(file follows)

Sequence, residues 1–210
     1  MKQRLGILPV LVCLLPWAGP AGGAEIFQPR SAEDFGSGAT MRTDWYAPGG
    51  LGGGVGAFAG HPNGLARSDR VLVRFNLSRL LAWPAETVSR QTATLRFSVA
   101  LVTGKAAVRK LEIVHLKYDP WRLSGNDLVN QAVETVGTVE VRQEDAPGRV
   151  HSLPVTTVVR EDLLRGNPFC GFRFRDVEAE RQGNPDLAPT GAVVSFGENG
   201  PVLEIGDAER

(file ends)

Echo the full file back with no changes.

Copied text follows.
Sequence, residues 1–210
     1  MKQRLGILPV LVCLLPWAGP AGGAEIFQPR SAEDFGSGAT MRTDWYAPGG
    51  LGGGVGAFAG HPNGLARSDR VLVRFNLSRL LAWPAETVSR QTATLRFSVA
   101  LVTGKAAVRK LEIVHLKYDP WRLSGNDLVN QAVETVGTVE VRQEDAPGRV
   151  HSLPVTTVVR EDLLRGNPFC GFRFRDVEAE RQGNPDLAPT GAVVSFGENG
   201  PVLEIGDAER